New Questions for Leadership Tipping Points

The opportunity and ability to step into a tipping point makes us feel responsible, powerful, and apprehensive.

Every decision both responds to and creates a tipping point.

New questions for leadership tipping points:


The pursuit of ease makes you matter less.

Ease in small doses expands capacity, but in large doses destroys us.

  1. How might this decision challenge you in new ways?
  2. How might new challenges become personal growth points?

Please know that I’m not encouraging workaholism. However, making a difference requires getting your hands dirty.


Every decision contributes to trajectory.

The consequence of decisions is real direction, not intended direction. You’re always heading somewhere.

  1. How does this decision reflect a “running toward” attitude, rather than running away?
  2. What are you running toward?

Long-term or short-term:

The appeal of short-term perspectives is immediate gratification, sometimes at the expense of long-term value.

Crisis requires short-term perspective. Put the fire out! But constant “crisis mode” sacrifices the future on the altar of urgency.

  1. How does making this decision reflect a long-term perspective?
  2. How does making this decision reflect a short-term perspective?


Life is relationships, nothing more, nothing less.

  1. What new relationships might result from making this decision?
  2. How does this decision impact current relationships?
  3. How might new relationships expand capacity and/or capability?


Tipping points include opportunities to both receive and give value.

  1. What new opportunities for service are available?
  2. How might your strengths find new expressions?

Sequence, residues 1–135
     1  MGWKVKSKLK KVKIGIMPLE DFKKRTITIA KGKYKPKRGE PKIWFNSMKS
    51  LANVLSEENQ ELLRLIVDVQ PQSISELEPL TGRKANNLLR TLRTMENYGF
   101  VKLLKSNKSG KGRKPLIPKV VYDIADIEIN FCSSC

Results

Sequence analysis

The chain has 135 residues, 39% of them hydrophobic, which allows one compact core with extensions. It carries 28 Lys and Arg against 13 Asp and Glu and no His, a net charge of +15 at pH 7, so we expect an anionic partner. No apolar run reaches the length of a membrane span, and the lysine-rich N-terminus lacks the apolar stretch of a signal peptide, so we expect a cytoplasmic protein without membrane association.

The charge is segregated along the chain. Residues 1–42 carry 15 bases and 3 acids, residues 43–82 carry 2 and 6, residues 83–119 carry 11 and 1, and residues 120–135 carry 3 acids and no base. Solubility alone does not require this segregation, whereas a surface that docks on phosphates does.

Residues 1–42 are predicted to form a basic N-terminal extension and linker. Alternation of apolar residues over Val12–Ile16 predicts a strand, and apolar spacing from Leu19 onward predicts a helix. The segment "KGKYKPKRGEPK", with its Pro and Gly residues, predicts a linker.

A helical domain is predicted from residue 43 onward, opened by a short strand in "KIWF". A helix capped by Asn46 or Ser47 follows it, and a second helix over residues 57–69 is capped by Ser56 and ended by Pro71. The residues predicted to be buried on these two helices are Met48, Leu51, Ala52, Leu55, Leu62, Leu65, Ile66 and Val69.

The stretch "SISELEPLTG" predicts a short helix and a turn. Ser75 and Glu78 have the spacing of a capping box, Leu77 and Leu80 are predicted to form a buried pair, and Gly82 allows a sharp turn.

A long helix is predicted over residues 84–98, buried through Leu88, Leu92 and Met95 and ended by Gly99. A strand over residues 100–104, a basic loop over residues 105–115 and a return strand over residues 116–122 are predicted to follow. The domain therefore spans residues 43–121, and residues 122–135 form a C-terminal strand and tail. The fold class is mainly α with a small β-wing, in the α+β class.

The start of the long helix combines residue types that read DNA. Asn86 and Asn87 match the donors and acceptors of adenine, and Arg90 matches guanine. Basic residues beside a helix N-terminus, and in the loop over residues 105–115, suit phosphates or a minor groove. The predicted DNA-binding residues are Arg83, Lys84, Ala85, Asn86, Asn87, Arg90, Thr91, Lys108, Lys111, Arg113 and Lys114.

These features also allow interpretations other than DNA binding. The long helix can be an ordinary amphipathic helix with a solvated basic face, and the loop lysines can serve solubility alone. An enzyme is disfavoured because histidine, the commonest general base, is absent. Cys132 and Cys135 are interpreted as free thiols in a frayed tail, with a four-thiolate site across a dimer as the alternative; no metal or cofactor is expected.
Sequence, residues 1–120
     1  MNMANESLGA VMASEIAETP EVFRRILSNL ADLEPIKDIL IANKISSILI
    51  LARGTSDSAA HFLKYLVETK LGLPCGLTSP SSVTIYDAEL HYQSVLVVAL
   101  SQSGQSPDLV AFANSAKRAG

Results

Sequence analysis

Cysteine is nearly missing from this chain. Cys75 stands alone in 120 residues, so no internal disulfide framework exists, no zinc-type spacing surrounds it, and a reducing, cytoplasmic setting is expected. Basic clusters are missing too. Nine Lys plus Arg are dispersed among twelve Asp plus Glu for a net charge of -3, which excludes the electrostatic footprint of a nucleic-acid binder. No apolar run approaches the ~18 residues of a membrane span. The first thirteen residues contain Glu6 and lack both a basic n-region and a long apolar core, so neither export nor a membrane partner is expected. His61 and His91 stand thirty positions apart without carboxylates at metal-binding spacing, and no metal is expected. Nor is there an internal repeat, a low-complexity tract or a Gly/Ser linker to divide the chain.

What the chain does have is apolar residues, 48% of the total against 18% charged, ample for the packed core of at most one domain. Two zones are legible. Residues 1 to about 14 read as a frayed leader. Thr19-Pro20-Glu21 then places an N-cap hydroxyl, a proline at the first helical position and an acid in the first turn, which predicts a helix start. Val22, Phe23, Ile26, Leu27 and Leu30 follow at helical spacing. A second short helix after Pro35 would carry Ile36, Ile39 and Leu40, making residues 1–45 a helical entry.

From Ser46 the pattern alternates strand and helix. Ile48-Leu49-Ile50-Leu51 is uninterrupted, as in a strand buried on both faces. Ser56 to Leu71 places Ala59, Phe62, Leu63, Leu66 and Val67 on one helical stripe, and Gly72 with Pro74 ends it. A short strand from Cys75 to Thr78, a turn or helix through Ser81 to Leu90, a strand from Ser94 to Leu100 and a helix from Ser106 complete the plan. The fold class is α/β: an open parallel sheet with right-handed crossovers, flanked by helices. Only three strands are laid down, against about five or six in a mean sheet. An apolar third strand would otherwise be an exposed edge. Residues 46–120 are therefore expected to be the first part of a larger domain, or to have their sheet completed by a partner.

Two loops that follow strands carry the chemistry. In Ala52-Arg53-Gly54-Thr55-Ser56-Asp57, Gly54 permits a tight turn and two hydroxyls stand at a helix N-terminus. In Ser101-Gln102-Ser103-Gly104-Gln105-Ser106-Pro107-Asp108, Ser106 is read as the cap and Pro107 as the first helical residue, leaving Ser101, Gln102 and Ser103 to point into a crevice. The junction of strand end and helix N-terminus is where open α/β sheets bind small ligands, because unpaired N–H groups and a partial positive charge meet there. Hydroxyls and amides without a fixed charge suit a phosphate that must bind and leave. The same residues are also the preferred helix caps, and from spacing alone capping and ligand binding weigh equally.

5 general questions:

  1. How does making this decision reflect a commitment to something greater?
  2. How are you expressing your best self?
  3. How are you expressing the self you hope to become?
  4. How much of this decision is motivated by fear?
  5. How much of this decision is motivated by dissatisfaction?

What questions might leaders ask when facing tipping points?


Amidst the social gatherings and backyard barbecues of the Independence Day celebrations that we have each year, there are many important and dramatic stories about the sacrifices of our founding fathers who signed the Declaration of Independence.

Some of them are inflated, but what is true is they knew that it was a bold, courageous step that would prompt a strong response from the mother country. What they expected was brutal military action against them by the best organized and equipped army in the world. There were personal and professional risks for those leaders.

The Price of Freedom in the POW Camps

The same challenges were true for our senior leaders in the Vietnam POW camps. There was a lot at stake as they wrestled to set an example for the rest of us to serve with honor in difficult times.

As POWs, we battled daily to have the freedoms that we enjoy in the U.S. We know what it’s like to live without freedom, and we don’t take it for granted. I know it can sound a bit trite, but it’s true—Freedom is not Free.


It can only be maintained by what my organization calls the core of courageous accountability – Character, Courage, and Commitment.

courageous accountability

The Courageous Accountability Model(tm) is featured in Lee’s book, Engage with Honor: Building a Culture of Courageous Accountability.

The Internal Battle

Human nature naturally goes toward the easy way out. The truth is that honor, character, courage, and commitment do not have many easy days.


We’re always bound to self-interest, yet we must learn to periodically rise above it and that takes sacrifice to put the good of others first. That’s what our founders did, what the military does, and what our elected representatives are supposed to do.

In fact, we all play a role in preserving our freedom and national security.

Safeguarding our Freedom and Independence